Don't be the next Florida

Voting: No battleground state in the election wants an issue akin to 2000's Bush-Gore recount, but change has been slow.

Election 2004: The Ballots


WITH ONLY WEEKS until America chooses a president, elections officials in battleground states are crossing their fingers that the vote goes smoothly.

"Nobody wants to be the next Florida, not even Florida," said Anne Martens, spokeswoman for Oregon's secretary of state.

Florida's recount between President Bush and former Vice President Al Gore gave rise to nationwide soul searching, studies, debates and legislation - all aimed at fixing election-system flaws.

But federal funds promised under the Help America Vote Act, passed in response to the 2000 situation, were a year late, slowing many purchases of new voting equipment. Meanwhile, experts voiced doubts about the security of paperless computerized voting, the favored replacement for punch card and lever machines.

The result? With some notable exceptions, the way the nation votes will be little changed come Nov. 2.

Here's what has happened in a sampling of states where the race between Bush and Democrat John Kerry is especially close:

Florida replaced its punch-card systems with touch-screen computers that record votes directly and leave no paper trail.

Ohio still will use mostly punch cards, with a sprinkling of touch screens and paper ballots optically scanned into computers.

Michigan has converted entirely to optical-scan machines.

Pennsylvanians and North Carolinians will cast votes on five different systems: touch screen, optical scan, punch card, lever and hand-counted paper ballots.

Nevada purchased electronic voting machines that will supply voters with paper receipts statewide, a first in the nation.

And Oregon, which in 2000 initiated statewide voting-by-mail with optically scanned paper ballots, has no plans for changes.

New problems may spring from some reforms, said Doug Chapin, director of, a nonpartisan election reform organization based in Washington.

All states must implement provisional ballots this year, allowing people whose names do not appear on voter lists to cast a ballot. The validity is determined later.

But provisional balloting, Chapin said, is shaping up to be "the new hanging chad" of this election. Officials must examine each one by hand to determine whether and how it will be counted. Standards vary from state to state and might be interpreted differently by jurisdictions within a single state.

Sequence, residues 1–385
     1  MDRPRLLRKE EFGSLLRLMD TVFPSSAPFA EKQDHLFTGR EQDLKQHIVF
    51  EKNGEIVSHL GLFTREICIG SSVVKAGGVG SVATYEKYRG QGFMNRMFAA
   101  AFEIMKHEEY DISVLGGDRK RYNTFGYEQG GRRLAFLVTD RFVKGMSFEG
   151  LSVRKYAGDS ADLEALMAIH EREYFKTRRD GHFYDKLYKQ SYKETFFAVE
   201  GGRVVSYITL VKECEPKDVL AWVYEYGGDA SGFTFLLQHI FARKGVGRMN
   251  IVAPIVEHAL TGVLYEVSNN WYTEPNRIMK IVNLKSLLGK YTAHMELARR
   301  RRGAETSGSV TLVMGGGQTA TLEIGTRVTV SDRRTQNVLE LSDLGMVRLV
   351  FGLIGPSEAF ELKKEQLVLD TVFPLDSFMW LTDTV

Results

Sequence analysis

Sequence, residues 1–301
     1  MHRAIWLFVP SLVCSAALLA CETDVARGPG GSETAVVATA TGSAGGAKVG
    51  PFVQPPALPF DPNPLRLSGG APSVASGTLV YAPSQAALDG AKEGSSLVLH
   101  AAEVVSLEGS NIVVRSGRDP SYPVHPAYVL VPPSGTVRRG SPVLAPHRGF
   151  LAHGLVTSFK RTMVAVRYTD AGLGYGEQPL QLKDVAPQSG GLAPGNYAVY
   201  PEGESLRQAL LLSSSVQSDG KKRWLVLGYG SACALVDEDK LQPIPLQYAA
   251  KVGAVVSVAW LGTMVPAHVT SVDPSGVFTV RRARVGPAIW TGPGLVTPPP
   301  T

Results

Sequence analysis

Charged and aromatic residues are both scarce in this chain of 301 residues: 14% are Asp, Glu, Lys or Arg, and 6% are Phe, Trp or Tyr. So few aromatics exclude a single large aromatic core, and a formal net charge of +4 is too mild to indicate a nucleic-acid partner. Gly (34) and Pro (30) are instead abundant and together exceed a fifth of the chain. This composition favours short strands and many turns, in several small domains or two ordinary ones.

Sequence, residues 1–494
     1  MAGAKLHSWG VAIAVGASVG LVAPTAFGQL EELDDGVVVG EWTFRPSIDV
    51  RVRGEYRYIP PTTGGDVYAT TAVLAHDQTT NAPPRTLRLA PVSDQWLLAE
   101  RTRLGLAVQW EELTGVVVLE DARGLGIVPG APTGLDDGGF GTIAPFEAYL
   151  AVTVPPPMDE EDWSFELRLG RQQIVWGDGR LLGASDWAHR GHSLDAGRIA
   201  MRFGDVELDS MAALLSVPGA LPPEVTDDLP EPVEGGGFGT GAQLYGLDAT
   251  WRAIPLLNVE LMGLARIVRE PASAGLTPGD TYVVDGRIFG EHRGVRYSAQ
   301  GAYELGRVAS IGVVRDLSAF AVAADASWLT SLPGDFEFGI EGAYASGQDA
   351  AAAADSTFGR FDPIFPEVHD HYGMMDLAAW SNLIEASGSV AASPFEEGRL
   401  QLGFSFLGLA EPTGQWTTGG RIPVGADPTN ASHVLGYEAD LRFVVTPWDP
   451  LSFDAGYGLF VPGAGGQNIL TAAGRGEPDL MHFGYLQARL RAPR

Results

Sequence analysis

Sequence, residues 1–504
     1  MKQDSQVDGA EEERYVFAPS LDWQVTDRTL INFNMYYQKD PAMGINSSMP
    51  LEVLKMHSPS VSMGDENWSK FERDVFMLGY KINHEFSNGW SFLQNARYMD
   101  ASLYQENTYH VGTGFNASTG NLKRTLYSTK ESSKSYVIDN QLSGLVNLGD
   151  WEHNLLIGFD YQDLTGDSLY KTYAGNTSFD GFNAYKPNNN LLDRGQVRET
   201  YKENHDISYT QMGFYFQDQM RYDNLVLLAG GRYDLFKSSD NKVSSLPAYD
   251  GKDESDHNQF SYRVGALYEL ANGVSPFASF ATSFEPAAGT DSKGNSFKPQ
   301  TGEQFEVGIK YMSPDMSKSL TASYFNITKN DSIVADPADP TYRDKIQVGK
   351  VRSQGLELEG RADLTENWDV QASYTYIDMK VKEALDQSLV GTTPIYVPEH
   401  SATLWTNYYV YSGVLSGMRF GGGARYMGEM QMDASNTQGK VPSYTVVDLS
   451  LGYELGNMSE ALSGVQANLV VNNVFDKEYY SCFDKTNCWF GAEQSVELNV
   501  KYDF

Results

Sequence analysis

Many states count provisional ballots only if they are cast in the correct polling place, according to This, some critics say, violates the spirit of the reform.

During this year's Illinois primary, 93 percent of Chicago's provisional ballots were thrown out. Of these, 24 percent were cast in the wrong place, 45 percent were filled out incorrectly, 27 percent couldn't be verified as coming from registered voters, and the rest were rejected for other reasons.

Some activists are urging voters to cast provisional or absentee ballots where paperless e-voting will be used. The object is to create the otherwise missing audit trail in case of a disputed result.

But Chapin foresees trouble. "When I talk to local elections officials," he said, "their greatest fear is that the number of provisional ballots will exceed the margin of victory in any particular race," leaving the competing parties to squabble over each ballot as Florida did in 2000.

In another reform, the Help America Vote Act required states to build voter registration databases that can be uniformly purged of the names of dead or ineligible voters. Most states have deferred implementing this provision until 2006.

Some states built systems but encountered problems. Florida recently agreed to stop purging felons from its new database when it was discovered that no Hispanics were on the list of criminals compiled by a contractor. For this election, individual counties will purge only the names provided by their county clerks, said Jenny Nash, spokeswoman for the Florida Department of State.

Meanwhile, most states are increasing training and tightening election procedures. While this might not have the glamour factor of new voting machines, said Kay J. Maxwell, president of the League of Women Voters, it can go a long way toward improving elections.

"The election is not just a machine," she said. "It's the people, the administrative procedures and the laws around it."

And states are spending more, usually with funds from the Help America Vote Act, to lure citizens to the voting booth and teach them the mechanics of voting once they are there.

"There's so much negativity out there about what happened in 2000 that people don't want to be part of the process," said Brian McDonald, a spokesman for the Pennsylvania Department of State. "We're trying to convince them that being part of that process is the way to change it."

Still, there may be no way to avoid controversy.

Chapin compared Florida's 2000 conflagration to a forest fire. "The woods aren't any drier now than they were four years ago," he said, "but more people have matches."

Lawyers from both major political parties, international elections observers, nongovernmental organizations, citizen watchdog groups and the federal government are set to converge on the polls, said Tova Andrea Wang, a democracy fellow with the Century Foundation, a nonpartisan public-policy think tank. "People are going to question the outcomes if the returns are close," she said.

No one knows that better than elections officials in states where the race is tight.

"I believe we've done what we need to do," said Minnesota Secretary of State Mary Kiffmeyer. "I feel confident in our system."

Even so, she added, "it wakes me up at night. You have to remember that if it's really close, nothing will be enough."

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